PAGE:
Just one more note, the frunk space is only 52 litres for the mid-range and GT-Line model, while 90 litres for the RWD model. Not that the frunk should be an overly important consideration when buying an EV, but just to get out there if you’re concerned about space efficiency.

Big specs

For such a big car, it doesn’t feel cumbersome behind the wheel. Although you have to put in extra care when navigating tight spaces, the Kia EV9 is extremely responsive, with an acceleration as fast as 5.3 seconds from 0-100km/h (that’s the top model, the mid-range model can do it in 6 seconds, and the entry-level model in 8.2). The mid-range model and the top-tier ‘GT-Line’ are both AWD, which aids road feeling and responsiveness, while the entry-level model is RWD.

Image: Zachariah Kelly/Gizmodo Australia

The suspension feels a little jittery now and again, especially in the rear two rows, though I hear the top model has better tyres, and ergo better road feel on 21-inch rims (up from 19-inch). The GT-Line is also equipped with digital side mirrors and parking assistance tech.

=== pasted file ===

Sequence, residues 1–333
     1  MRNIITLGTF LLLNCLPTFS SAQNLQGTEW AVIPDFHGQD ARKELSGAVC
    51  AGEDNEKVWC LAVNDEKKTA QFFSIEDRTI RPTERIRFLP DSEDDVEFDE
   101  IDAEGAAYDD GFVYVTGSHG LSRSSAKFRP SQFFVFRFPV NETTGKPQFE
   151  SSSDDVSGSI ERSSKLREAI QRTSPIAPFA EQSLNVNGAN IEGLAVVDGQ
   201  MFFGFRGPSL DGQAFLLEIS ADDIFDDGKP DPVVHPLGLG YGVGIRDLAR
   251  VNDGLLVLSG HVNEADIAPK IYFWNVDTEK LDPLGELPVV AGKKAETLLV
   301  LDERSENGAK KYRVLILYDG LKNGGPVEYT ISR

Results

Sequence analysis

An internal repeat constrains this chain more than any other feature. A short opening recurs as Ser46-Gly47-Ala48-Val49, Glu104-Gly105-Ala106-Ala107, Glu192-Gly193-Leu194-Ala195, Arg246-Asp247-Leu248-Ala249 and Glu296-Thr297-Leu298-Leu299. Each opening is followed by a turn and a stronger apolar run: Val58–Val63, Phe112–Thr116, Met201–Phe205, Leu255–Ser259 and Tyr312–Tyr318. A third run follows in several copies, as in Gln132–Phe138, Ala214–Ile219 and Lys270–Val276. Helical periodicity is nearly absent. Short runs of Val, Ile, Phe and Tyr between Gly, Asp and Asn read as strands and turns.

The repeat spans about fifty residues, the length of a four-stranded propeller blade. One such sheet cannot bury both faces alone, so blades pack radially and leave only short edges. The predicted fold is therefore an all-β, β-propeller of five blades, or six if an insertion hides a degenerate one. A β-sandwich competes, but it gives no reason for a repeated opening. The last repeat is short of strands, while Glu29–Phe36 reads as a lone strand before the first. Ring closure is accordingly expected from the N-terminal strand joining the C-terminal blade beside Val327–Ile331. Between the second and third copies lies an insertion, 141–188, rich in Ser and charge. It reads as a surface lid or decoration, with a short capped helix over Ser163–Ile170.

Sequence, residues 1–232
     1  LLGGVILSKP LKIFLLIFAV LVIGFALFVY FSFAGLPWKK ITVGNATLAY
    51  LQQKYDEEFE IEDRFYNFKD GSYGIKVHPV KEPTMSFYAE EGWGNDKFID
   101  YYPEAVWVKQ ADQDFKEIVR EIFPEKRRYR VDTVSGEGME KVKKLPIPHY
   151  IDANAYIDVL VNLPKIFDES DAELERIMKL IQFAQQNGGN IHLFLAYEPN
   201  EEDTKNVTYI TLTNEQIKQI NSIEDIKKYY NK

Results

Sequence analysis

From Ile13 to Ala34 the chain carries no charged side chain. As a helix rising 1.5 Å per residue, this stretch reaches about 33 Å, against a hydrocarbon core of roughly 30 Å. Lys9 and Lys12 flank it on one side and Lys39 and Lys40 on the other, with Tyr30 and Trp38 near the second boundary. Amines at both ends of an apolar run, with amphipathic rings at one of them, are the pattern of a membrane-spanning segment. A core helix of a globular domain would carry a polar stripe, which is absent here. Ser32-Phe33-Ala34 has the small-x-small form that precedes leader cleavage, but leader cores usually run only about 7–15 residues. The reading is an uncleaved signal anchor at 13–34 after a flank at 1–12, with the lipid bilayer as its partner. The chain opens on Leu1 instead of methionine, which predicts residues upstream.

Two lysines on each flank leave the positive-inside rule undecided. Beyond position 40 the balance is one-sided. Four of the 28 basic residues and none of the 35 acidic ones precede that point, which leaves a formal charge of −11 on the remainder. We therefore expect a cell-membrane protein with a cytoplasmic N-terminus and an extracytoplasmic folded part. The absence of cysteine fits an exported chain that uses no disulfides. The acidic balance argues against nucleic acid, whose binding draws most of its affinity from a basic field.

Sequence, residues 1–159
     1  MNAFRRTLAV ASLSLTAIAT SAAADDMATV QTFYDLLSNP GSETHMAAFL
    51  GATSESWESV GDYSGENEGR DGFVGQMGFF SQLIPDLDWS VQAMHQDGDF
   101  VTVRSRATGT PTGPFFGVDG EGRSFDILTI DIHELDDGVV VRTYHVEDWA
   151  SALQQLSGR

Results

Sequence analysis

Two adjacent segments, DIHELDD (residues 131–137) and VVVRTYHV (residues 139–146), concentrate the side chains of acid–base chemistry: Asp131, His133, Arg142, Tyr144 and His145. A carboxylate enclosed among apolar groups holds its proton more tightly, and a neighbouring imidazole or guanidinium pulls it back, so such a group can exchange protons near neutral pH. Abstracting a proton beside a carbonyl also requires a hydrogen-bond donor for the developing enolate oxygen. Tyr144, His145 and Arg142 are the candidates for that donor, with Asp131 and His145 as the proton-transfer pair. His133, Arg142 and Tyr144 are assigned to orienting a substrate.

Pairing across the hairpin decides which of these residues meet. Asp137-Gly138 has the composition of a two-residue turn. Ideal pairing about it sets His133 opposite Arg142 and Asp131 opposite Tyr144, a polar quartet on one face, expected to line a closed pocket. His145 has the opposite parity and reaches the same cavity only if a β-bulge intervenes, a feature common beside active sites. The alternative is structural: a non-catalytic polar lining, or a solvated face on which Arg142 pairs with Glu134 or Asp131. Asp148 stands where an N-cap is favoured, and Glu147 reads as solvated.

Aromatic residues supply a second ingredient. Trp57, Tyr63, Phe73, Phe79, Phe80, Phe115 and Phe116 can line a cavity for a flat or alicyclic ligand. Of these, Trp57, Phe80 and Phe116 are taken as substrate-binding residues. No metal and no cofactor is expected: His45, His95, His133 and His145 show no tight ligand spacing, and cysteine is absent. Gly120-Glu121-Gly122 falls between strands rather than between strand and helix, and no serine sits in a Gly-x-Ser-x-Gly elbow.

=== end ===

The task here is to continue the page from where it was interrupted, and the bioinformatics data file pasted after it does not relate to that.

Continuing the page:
In terms of the battery, I was extremely satisfied with the mid-range trim’s WLTP range of 512km. The top-end model can travel 505km, while the entry model can only travel about 443km.

Recharging speeds on a DC charger can go as high as 210kW, just shy of Tesla charging speeds of up to 220kW. I didn’t test DC charging during my time with this car, and instead relied on home charging with the emergency charger and one stint with a 7kW charger. Because the battery is so darn big, I didn’t return to 100 per cent at any point during my review, and on-the-road efficiency for my road trip was as high as 20kWh/100km – about 3kWh higher than what I’d expect from, say, the much smaller MG4 or the Polestar 2.